I've not suffered so much as anyone involved in WW2, and I would never mean to imply that. But since MS has become part of my life, I've seen the gradual decline of my empire. Thanks to a disease that is enigmatic and unpredictable at best, and crippling and devestating at worst, I can no longer do it all. I have lost access to the vast reserves of energy I used to tap at will. I have lost the ability to answer the question, "What if?," with even a small confidence in my best guesses. I can't remember everything anymore; there are holes in my brain and things leak out from time to time. I certainly cannot do one eighth of the physical activites I used to enjoy since most of them require good balance and all of them require some level of strengh. I feel like MS has taken a lot from me, but it has given me one thing. It has given me fear. I never used to be afraid of injuring myself. I've broken eleven bones and had two concussions; all of which I earned in fantastic adventurous ways. I have a reputation among friends and family for being "tough as nails like her father." Now, I'm afraid to go jogging on my own. What if I get hot, lose the feeling in my legs and feet, and end up falling and smashing my face or breaking a hip? Who will teach my son to surf now that I can't balance on the board? What if I get optic neuritis? I work in imaging for chryssake, how the hell am I gonna work if I can't see? My brothers are retards, who's gonna take care of my parents when they're old(er) if I'm disabled myself? The questions go on ad nauseum.

I'm not happy about it, but I've started to get accustomed to not being capable physically of what I once was. Blindness and disability are scary enough, but it's cognitive impairment that really has me worried. People know me as the answer girl. They think of me not only as smart, but really fucking smart and I'm not ready to let them down. They rely on me for useless information and pratical know-how. If someone asks me to describe myself "intelligent" is the first adjective I reach for and not because I'm arrogant. I'm not bragging here; I've no need to. Nerdiness is the side-effect of my personality and I've just reached an age where I am comfortable embracing my geek-dom. Here I am, finally confident in myself at least intellectually. Now some neurologist tells me I've got a disease that will definitely knock me off my high horse in the world of sports and fitness. Will likely result in future embarrassment at loss of control of bladder and bowel. All this and mental acuity goes in the toilet as well?!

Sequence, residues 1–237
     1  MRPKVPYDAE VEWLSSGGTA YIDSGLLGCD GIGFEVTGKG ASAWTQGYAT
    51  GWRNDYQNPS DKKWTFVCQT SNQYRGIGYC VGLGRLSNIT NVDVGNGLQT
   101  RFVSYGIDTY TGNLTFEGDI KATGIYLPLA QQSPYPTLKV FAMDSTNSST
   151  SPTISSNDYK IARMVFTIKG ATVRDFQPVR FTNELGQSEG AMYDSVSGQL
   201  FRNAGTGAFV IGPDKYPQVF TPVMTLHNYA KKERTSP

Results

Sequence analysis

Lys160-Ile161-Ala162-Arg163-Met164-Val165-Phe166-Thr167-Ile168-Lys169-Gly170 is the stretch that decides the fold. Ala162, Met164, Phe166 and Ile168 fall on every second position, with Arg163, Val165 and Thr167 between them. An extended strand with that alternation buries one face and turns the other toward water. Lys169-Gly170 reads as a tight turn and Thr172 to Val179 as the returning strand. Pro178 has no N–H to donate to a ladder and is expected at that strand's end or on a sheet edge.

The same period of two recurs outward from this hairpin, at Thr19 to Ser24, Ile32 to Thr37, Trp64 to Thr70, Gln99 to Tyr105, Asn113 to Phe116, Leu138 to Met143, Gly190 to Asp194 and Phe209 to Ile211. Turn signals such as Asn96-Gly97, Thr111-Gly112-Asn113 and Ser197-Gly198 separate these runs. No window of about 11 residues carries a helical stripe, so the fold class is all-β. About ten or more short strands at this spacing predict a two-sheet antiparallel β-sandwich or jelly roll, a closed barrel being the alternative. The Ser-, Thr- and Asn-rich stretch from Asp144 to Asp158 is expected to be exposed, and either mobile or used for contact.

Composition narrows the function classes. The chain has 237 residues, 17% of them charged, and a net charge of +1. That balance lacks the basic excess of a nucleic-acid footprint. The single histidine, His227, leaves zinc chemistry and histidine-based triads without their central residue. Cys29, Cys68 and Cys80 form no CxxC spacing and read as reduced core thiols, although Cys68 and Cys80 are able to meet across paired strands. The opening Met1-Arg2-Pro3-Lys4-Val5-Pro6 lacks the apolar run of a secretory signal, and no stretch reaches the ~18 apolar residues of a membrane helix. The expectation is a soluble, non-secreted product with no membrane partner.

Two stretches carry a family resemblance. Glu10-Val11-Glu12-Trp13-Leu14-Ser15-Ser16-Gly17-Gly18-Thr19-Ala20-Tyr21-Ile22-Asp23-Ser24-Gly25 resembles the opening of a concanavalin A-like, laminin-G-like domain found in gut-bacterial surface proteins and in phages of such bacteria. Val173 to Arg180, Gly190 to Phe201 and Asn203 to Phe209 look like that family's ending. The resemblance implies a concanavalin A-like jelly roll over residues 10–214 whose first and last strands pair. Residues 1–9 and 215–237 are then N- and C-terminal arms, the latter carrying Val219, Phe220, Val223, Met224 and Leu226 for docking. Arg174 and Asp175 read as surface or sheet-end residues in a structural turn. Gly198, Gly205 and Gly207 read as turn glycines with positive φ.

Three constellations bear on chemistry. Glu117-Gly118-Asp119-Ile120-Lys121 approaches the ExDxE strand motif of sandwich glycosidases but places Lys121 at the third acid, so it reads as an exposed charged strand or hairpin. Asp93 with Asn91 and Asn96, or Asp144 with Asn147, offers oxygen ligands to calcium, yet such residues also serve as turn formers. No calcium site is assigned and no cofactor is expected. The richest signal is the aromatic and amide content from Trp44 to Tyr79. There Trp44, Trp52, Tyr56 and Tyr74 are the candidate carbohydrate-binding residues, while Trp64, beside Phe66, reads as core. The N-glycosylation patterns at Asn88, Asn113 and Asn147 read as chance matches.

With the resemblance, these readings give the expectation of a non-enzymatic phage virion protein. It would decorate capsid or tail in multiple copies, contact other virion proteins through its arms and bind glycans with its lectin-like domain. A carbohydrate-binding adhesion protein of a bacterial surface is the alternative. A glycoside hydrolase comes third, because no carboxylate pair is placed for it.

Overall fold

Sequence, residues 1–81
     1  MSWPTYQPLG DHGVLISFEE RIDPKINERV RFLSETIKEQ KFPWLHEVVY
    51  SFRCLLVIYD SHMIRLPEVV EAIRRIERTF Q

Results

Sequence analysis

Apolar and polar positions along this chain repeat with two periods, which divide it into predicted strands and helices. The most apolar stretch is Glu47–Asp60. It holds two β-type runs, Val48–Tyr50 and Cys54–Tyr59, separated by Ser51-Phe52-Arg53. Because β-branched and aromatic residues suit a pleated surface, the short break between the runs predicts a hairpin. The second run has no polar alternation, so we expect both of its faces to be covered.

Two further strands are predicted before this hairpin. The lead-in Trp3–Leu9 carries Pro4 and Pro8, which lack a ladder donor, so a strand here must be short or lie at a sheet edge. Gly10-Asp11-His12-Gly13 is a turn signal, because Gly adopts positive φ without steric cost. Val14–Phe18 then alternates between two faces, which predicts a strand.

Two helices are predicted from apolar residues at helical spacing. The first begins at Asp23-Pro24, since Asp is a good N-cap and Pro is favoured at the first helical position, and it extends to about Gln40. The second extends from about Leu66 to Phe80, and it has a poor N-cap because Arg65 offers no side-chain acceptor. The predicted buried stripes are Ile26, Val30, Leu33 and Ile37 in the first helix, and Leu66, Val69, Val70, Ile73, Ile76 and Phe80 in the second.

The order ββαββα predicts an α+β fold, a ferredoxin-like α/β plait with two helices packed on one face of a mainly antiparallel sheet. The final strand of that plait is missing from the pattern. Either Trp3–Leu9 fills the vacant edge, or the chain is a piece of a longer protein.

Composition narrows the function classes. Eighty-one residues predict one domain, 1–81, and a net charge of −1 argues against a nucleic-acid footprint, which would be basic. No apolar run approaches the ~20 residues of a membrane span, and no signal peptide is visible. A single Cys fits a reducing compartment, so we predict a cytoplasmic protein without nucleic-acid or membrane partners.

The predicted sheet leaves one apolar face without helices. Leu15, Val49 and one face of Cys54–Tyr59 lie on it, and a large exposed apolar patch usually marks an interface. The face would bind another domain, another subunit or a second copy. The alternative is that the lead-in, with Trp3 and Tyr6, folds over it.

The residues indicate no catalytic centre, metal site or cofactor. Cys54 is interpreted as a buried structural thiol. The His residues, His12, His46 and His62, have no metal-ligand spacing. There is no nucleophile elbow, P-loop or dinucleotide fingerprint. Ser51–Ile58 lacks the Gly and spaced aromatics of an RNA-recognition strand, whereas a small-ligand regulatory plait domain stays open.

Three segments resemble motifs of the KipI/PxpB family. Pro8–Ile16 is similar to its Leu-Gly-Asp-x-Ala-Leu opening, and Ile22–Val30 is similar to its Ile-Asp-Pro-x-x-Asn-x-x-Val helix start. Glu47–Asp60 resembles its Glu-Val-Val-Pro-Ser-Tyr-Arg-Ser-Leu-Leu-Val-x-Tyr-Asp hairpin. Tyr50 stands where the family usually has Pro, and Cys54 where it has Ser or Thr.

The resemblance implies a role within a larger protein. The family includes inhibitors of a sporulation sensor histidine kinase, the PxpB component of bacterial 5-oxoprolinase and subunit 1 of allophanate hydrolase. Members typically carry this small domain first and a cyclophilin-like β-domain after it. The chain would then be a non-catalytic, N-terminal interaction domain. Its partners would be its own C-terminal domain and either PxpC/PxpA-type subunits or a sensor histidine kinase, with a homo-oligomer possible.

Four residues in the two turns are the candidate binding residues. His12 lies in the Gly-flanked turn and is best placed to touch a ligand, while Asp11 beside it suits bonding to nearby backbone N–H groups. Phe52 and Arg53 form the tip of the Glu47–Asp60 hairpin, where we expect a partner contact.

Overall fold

It may be lame, but I indentify myself with my brainy-ness. What I'm really afraid of is: Who will I be when I'm not smart anymore? Who will take up the responsibilities of my mind? Will I ever learn to trust someone else to run the Empire?

10 comments:

Lazy Julie said...

While reading your post, my eyes started welling up. By the time I finished, tears were rolling down my cheeks--not because I feel sorry for you, but because I know EXACTLY how you feel.

When people ask me how MS has changed me I tell them that it has taken away my sense of invincibility. It's taken my freakish strength and my belief that I will always be this way. Not so, not so.

I do have Optic Neuritis and I wonder, if my eyesight keeps getting worse, how will I drive my kids to school and get to my job that is not on public transportation. I worry about work and money and insurance and.........

And then, I realize we all have just today. And today, I'm glad I found your blog and read your post.

Lazy Julie

Bald Ben said...

That last line is Phenomenal. "Who will run the Empire?" God damn I'm glad you wrote that, and I sorry I didn't. I've been wondering about the title of the blog. I thought it was great, figure it was a lyric somewhere, but I really dig it.

I know you read what I wrote at my blog, so I am picking up what you're putting down.

I didn't address cognictive function over at my spot, but it is one of the scariest things before us. I already stutter a bit, which is something I never did before. I have always had a pretty good vocabulary, I was always able to talk a good game, but these days I find myself losing words left and right. It's so so frustrating. More times than not my time is spent trying to figure out other words for what I am trying to say. I am so fearful that this is going to get worse.